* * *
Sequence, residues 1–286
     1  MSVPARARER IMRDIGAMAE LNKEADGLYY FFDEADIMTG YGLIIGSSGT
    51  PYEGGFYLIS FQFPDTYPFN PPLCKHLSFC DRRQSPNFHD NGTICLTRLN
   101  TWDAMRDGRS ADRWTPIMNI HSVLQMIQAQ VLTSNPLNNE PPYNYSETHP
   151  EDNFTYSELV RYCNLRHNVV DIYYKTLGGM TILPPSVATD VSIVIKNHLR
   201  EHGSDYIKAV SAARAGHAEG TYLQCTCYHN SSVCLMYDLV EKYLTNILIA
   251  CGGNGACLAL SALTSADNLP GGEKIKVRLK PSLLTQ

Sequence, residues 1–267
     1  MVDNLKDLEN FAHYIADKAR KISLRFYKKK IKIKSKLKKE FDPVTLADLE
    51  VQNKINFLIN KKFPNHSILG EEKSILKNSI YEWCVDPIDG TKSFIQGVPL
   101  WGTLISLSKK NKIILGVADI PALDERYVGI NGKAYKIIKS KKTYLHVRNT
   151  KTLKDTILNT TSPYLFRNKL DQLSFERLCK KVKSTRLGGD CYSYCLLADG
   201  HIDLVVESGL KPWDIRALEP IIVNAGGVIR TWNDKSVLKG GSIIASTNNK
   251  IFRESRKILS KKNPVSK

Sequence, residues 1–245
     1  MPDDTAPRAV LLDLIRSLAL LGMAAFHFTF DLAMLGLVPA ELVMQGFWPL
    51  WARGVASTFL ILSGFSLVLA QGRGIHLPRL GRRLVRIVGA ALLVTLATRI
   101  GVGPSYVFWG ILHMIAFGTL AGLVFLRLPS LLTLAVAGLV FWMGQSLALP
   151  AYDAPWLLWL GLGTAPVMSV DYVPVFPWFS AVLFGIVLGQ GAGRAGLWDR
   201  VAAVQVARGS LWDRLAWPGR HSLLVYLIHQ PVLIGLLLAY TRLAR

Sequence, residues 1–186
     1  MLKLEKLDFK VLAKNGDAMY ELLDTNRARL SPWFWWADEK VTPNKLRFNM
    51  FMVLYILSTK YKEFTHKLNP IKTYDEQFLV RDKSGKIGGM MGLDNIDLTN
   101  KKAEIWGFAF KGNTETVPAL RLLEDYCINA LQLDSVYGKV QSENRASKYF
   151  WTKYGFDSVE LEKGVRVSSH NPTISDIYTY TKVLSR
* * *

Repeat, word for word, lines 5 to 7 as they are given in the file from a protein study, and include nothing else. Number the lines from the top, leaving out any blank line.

   151  EDNFTYSELV RYCNLRHNVV DIYYKTLGGM TILPPSVATD VSIVIKNHLR
   201  EHGSDYIKAV SAARAGHAEG TYLQCTCYHN SSVCLMYDLV EKYLTNILIA
   251  CGGNGACLAL SALTSADNLP GGEKIKVRLK PSLLTQ